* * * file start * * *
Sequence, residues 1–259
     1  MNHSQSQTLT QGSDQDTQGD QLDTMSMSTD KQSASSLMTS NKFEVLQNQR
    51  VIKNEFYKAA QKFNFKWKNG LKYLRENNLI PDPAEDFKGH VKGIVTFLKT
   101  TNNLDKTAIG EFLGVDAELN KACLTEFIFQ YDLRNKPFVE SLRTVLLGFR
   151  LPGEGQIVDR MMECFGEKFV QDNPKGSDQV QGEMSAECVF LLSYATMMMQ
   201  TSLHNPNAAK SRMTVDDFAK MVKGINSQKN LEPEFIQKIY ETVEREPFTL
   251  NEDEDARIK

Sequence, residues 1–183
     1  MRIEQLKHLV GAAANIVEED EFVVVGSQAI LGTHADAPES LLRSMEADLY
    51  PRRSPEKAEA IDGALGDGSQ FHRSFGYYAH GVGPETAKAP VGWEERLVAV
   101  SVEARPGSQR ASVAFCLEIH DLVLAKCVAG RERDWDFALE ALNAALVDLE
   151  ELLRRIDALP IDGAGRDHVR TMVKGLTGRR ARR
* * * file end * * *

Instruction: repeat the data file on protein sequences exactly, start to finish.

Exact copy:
Sequence, residues 1–259
     1  MNHSQSQTLT QGSDQDTQGD QLDTMSMSTD KQSASSLMTS NKFEVLQNQR
    51  VIKNEFYKAA QKFNFKWKNG LKYLRENNLI PDPAEDFKGH VKGIVTFLKT
   101  TNNLDKTAIG EFLGVDAELN KACLTEFIFQ YDLRNKPFVE SLRTVLLGFR
   151  LPGEGQIVDR MMECFGEKFV QDNPKGSDQV QGEMSAECVF LLSYATMMMQ
   201  TSLHNPNAAK SRMTVDDFAK MVKGINSQKN LEPEFIQKIY ETVEREPFTL
   251  NEDEDARIK

Sequence, residues 1–183
     1  MRIEQLKHLV GAAANIVEED EFVVVGSQAI LGTHADAPES LLRSMEADLY
    51  PRRSPEKAEA IDGALGDGSQ FHRSFGYYAH GVGPETAKAP VGWEERLVAV
   101  SVEARPGSQR ASVAFCLEIH DLVLAKCVAG RERDWDFALE ALNAALVDLE
   151  ELLRRIDALP IDGAGRDHVR TMVKGLTGRR ARR